Beyond Bulls & Bears


Alts Angle: Rethinking retirement with alternative investments

After a challenging 2022, many advisors and investors began to question their traditional retirement approach to investing. Tony Davidow, Senior Alternative Investment Strategist with Franklin Templeton Institute, illustrates the potential impact of adding alternative investments to pursue growth and income—as well as seek to dampen volatility—during the accumulation and distribution phases of retirement.

In 2022, stocks and bonds were both down double-digits for the year. According to Callan Associates, there have been only two other years since 1926 when both stocks and bonds have been negative—1931 and 1969.1 Rising interest rates, record inflation, increased volatility, and double-digit negative returns for both stocks and bonds during 2022 left many advisors and investors wondering if they need to reconsider their retirement portfolios.

We should be careful to separate the potential benefits of diversification and the 60/40 portfolio as a proxy. Unfortunately, as we experienced in 2022, there are periods of time where traditional investments are highly correlated to one another.

The roles and use of alternative investments

Pension plans have historically made significant allocations to alternative investments because of the various roles that they can play: pursuing growth and income, portfolio diversification and inflation hedging. However, up until recently, many of these investments were limited to institutions and family offices. Now through product innovation, these investments are more accessible to a broader group of investors, with more flexible features.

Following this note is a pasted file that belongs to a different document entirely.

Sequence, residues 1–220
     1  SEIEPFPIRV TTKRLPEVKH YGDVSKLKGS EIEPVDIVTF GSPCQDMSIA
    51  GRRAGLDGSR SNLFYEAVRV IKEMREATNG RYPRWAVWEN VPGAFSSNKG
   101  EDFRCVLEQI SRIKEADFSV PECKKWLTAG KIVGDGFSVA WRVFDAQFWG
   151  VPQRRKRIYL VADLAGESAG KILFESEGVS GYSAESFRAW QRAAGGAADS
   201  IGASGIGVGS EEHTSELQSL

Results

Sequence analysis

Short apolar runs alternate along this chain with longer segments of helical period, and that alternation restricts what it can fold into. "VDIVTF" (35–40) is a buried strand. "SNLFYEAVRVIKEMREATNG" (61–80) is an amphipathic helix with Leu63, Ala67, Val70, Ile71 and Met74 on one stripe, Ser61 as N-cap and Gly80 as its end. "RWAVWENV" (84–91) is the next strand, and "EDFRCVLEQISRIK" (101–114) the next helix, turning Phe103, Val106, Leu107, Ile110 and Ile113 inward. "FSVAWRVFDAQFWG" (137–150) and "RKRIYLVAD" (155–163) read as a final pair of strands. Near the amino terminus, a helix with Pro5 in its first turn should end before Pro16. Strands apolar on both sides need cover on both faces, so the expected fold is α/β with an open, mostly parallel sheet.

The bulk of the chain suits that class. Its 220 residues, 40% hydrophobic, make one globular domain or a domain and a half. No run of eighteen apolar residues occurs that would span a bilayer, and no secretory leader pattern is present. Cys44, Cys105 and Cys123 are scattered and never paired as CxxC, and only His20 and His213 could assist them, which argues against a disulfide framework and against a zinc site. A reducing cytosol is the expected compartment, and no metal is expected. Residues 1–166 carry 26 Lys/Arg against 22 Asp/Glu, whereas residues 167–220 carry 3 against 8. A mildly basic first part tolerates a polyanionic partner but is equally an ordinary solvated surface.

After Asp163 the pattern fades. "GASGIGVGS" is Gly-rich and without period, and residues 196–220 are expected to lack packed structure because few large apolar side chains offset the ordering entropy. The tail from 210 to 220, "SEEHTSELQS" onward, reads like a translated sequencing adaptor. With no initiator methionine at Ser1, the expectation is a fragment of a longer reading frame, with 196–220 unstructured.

Overall, in our view, retirement plans should be modernized to reflect the broader set of tools available to pursue client goals. We believe advisors and investors should rethink their retirement strategies to respond to the changing market environment, the new products at their disposal, and the fact that many retirees are living longer, more productive lives through their retirement years. Alternative investments can play multiple roles in retirement portfolios, which include generating potential growth and income, seeking to dampen volatility, and/or helping to hedge the impact of inflation.

We believe advisors and investors should develop different approaches for the accumulation and decumulation phases of retirement, and should periodically revisit retirement plans to ensure they are on target for their objectives. If used appropriately, alternative investments may improve the likelihood of achieving the various goals through retirement planning phases.

To learn more, please visit Alternatives by Franklin Templeton.



All investments involve risks, including the possible loss of principal. The value of investments can go down as well as up, and investors may not get back the full amount invested. Stock prices fluctuate, sometimes rapidly and dramatically, due to factors affecting individual companies, particular industries or sectors, or general market conditions. Bond prices generally move in the opposite direction of interest rates. Thus, as prices of bonds in an investment portfolio adjust to a rise in interest rates, the value of the portfolio may decline.

Investments in alternative investment strategies are complex and speculative investments, entail significant risk and should not be considered a complete investment program. Depending on the product invested in, an investment in alternative investments may provide for only limited liquidity and is suitable only for persons who can afford to lose the entire amount of their investment. An investment strategy focused primarily on privately held companies presents certain challenges and involves incremental risks as opposed to investments in public companies, such as dealing with the lack of available information about these companies as well as their general lack of liquidity.



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1. Source: Kloepfer, J. “Unprecedented Territory—and the Inherent Limits of Diversification,” Callan, May 13, 2022.

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